Economic performance, competitiveness, and well-being in Wallonia: a comparative analysis with other European transition regions

Wallonia is often compared to Flanders. For a long time now, Wallonia has had lower levels of GDP per capita and income per capita than Flanders and enjoyed weaker growth. These trends result from many factors, including geography, history, and the actions, particularly the political actions, of economic agents.

The NBB has produced a new analysis that broadens the scope of comparison and focuses on regions at similar stages of development. In particular, the economic performance, structural competitiveness, and level of well-being of Wallonia are measured against those of similar regions in countries that were members of the European Union before the major enlargement of 2004 (the so-called “EU15”). More specifically, Wallonia and its provinces are compared to so-called “NUTS2” [1]regions: These are used for the distribution of EU Cohesion Policy funds, with regions further classified by their level of economic development - as determined by their GDP per capita relative to the EU27 average over the 2015-2017 period.

  • The provinces of Hainaut, Liège and Namur are classified as "transition regions", given that their GDP per capita was between 75% and 100% of the EU27 average. They are therefore compared with other transition regions, as is the province of Luxembourg, whose GDP per capita fell just short of the 75% threshold.
  • Walloon Brabant is classified as a "more-developed region" for EU Cohesion Policy funding. In fact, it was the EU15 region with the highest GDP per capita growth between 1996-2019, and for the purposes of this analysis, it was therefore classified in a more restrictive category of "high-performing" regions.
  • As an entity itself, Wallonia is considered to be a transition region.

In western Europe, economic rebounds are infrequent, take a long time and require considerable effort. Between 2001 and 2019, no transition region was upgraded to the more developed region category, while many were downgraded. Stagnation or relative decline is not confined to the Walloon provinces.

The new NBB comparative analysis shows that Wallonia has many strengths in terms of structural competitiveness relative to other transition regions. It has access to a large and rich potential market, has a large pool of people with higher education qualifications, and benefits from good accessibility thanks to its infrastructure. In addition, its (working age) population has grown steadily since 1996 and is relatively young. Its economic structure is service-oriented, and Wallonia scores rather well in terms of innovation. It also still has land available to accommodate businesses.

Nevertheless, there are still a number of challenges to be met which constitute priority areas for economic policy:

Wallonia's main structural weaknesses lie in social variables such as health, the risk of poverty or social exclusion and the labour market, all of which are interlinked. The employment rate, although rising, remains low, mainly due to the large proportion of inactive people. Activation policies are therefore essential to combatting the mismatch between labour supply and demand and to curb the already substantial labour shortages in many sectors. This is all the more important given that, as a result of ageing, the working-age population is set to decline from 2025 onwards.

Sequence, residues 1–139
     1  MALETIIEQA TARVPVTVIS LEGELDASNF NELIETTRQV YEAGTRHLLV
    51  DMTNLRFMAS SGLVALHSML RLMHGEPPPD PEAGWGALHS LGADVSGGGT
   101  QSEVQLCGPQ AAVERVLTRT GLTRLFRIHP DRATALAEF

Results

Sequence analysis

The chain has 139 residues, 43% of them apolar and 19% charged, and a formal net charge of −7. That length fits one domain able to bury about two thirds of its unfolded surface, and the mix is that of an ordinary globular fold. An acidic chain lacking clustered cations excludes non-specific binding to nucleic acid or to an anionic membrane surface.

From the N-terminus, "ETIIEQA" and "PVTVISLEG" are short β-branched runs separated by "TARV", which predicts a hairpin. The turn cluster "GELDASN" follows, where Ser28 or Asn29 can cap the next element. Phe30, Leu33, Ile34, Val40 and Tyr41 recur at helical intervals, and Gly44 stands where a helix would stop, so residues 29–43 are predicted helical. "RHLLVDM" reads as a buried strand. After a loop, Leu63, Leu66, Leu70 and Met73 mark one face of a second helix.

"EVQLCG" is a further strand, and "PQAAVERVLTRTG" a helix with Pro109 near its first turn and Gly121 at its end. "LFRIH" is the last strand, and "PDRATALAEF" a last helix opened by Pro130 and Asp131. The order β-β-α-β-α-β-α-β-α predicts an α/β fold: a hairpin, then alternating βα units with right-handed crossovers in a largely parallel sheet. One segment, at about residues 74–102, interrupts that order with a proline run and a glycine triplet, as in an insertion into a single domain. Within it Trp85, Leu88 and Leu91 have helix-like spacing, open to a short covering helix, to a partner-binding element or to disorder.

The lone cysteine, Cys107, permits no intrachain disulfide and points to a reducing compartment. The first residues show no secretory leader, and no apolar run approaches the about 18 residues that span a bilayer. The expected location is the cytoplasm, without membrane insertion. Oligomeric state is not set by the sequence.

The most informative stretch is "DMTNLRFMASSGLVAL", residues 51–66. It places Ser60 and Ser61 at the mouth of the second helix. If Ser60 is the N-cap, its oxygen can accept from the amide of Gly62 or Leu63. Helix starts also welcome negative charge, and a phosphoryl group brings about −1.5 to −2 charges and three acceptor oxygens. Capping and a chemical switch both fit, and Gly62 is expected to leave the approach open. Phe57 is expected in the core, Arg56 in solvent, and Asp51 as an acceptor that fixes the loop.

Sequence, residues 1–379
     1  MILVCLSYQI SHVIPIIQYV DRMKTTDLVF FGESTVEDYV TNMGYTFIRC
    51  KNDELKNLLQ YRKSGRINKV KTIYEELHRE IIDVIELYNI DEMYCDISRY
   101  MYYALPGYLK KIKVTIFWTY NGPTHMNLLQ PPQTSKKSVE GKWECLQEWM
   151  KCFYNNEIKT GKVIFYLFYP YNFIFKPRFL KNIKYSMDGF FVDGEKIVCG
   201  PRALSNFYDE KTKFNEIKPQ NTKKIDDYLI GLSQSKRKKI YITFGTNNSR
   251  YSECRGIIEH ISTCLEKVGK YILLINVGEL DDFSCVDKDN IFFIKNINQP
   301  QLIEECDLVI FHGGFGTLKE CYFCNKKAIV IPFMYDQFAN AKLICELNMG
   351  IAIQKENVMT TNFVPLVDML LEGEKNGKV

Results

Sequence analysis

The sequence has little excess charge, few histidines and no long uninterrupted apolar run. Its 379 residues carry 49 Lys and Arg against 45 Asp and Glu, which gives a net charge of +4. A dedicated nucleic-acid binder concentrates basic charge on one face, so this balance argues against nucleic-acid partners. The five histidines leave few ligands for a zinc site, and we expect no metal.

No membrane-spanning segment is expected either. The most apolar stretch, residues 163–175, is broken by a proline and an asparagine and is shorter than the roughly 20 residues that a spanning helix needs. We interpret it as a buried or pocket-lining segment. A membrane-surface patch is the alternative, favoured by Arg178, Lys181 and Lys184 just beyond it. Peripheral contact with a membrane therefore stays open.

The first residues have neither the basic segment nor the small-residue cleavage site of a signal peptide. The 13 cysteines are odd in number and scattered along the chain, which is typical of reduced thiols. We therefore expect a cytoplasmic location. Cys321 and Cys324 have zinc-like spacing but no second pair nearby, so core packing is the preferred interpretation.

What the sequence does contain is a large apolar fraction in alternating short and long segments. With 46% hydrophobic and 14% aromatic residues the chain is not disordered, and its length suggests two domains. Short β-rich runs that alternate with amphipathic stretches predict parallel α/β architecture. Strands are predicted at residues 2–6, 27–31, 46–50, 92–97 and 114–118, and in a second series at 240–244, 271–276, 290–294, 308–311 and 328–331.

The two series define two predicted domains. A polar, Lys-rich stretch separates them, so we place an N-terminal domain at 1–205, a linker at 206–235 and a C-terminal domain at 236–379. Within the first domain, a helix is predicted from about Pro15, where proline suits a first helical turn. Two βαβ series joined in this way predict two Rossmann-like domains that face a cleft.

Education and lifelong learning merit particular attention in view of the poor scores of French-speaking pupils in international comparisons regarding mathematics, science, and reading literacy; the wide differences between schools in the region; the relatively high numbers of early school leavers which tends to result in a more adults not being in work, education, or training; the high proportion of adults with at most lower secondary education; and the relatively poorer command of English and digital skills among Walloon adults.

Productivity gains were relatively limited over the 1996-2019 period, with the notable exception of Walloon Brabant. The other Walloon provinces are less dependent upon industry, with non-retail services accounting for a much higher - and growing - share of employment. To boost productivity, improving human capital will be essential to ensuring a sufficient supply of skilled labour. The dual transition - green and digital - also demands new skills. In addition, private and public investment is needed to improve the quality of existing transport infrastructure and develop new infrastructure. The spread of innovation beyond large, innovative and productive companies should also help to boost productivity.

These challenges must be met if Wallonia is to make the most of its assets – this at a time when credit rating agencies judge the finances of Belgium’s regions and communities less favourably than those of the French regions and German Länder. The budgetary trajectory recommended by the External Commission on Debt and Public Finance should therefore be fully implemented and adjusted as necessary. The fiscal sustainability of the French Community must also be assured.


[1] NUTS2 regions are those at the second level of the nomenclature of territorial units for statistics (NUTS). They correspond, for example, to the provinces of Belgium and the Netherlands, the regions of Italy, the autonomous communities of Spain, and the pre-2016 regions of France.